Soon after, Moscow used its military to back separatists in Ukraine's Crimea Peninsula, before Russian President Vladimir Putin signed a document annexing Crimea. The United States and European Union responded by slapping sanctions on Russian officials.

Read More Putin admits Crimea involvement; warns on gas

The crisis has now shifted to the east of Ukraine, where armed groups of pro-Russian separatists have seized public buildings, saying they reject Kiev's rule. Adding to the tension, Russia has shifted extra troops to the border with Ukraine.

Russia argues that it acted only to protect ethnic Russians in Ukraine from an administration in Kiev which they say was installed in an illegal coup d'etat, which they allege has links to the far-right and discriminates against Russian speakers.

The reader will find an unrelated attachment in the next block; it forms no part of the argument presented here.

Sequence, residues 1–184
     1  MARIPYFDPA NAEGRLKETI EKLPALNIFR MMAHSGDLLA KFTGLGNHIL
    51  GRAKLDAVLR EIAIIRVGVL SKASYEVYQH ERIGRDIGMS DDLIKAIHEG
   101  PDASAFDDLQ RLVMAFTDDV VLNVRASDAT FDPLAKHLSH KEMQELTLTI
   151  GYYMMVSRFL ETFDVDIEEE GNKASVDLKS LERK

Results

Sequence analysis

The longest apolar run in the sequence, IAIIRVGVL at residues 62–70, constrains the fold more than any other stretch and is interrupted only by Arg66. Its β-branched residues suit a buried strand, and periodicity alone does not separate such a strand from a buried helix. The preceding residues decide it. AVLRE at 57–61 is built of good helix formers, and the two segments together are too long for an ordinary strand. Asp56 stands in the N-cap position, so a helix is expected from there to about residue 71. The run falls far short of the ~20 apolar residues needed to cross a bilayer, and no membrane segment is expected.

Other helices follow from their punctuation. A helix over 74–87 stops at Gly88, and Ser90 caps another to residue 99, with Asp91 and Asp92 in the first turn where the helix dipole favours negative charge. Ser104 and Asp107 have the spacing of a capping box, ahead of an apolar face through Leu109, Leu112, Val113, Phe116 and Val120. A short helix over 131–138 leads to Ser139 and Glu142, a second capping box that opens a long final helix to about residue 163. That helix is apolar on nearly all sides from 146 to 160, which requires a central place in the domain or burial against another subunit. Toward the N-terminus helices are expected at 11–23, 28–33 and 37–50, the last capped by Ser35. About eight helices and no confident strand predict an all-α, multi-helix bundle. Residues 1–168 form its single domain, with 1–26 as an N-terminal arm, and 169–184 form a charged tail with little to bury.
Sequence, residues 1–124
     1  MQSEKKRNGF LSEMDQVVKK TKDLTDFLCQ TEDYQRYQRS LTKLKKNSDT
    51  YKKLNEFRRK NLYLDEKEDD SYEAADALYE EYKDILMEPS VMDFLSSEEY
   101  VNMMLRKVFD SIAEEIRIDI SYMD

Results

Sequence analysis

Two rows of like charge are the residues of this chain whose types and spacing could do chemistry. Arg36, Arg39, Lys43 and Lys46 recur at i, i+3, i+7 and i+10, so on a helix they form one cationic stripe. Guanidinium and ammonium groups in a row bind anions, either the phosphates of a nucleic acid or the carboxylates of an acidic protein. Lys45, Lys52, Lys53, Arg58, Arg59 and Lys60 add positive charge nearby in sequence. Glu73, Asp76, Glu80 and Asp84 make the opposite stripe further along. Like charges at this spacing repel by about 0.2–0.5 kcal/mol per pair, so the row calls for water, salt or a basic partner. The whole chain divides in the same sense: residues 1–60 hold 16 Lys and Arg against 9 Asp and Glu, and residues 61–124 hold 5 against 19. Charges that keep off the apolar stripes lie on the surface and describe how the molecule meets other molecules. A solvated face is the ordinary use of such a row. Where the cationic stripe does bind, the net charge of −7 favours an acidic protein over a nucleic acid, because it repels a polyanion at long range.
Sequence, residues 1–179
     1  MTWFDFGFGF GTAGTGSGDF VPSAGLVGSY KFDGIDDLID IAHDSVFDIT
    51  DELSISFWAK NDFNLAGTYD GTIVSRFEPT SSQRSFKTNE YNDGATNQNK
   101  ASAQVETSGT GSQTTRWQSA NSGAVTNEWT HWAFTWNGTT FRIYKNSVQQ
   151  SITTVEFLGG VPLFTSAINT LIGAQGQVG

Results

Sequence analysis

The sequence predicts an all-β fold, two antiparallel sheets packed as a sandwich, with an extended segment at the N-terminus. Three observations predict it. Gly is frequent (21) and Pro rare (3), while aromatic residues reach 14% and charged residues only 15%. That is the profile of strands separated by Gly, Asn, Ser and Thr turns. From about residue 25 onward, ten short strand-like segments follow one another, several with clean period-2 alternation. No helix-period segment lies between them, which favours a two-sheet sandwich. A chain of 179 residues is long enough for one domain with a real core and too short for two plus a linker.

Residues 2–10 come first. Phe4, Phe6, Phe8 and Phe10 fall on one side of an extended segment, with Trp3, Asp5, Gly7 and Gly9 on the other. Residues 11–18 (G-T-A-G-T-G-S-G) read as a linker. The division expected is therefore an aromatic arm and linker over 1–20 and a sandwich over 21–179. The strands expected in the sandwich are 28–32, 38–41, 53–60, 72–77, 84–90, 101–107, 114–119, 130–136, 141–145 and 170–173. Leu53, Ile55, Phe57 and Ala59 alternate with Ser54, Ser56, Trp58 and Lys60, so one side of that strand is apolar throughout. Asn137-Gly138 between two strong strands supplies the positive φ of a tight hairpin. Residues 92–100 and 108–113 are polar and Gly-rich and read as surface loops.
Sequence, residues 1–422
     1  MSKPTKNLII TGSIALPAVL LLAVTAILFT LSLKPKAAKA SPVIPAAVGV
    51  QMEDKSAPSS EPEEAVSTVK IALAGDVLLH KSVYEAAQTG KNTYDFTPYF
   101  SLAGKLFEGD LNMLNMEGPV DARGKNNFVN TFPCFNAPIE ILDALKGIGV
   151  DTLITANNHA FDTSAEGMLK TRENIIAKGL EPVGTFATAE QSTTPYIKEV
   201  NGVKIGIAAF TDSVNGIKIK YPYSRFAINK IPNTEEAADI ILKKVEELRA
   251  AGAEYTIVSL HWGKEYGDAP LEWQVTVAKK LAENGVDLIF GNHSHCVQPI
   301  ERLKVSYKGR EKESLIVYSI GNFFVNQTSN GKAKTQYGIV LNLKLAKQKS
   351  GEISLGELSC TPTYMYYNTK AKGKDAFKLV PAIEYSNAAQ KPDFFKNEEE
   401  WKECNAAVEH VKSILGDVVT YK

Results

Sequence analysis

After a meeting on Saturday in the Ukrainian capital with diplomats from the four parties to the Geneva accord, Swiss envoy Christian Schoenenberger, whose country is chair of the OSCE, said its monitors had spoken to several activists occupying public buildings.

"For the time being the political will is not there to move out," he said.

"That's the task of the monitors, to create this political will, inform the people, so eventually they will understand that the best option for them is to move out," he told reporters.

Goodwill gesture

The Ukrainian foreign ministry had promised that, as a gesture of goodwill for the Easter holiday, it would suspend the active phase of an operation it had launched to re-assert its authority in the east of the country.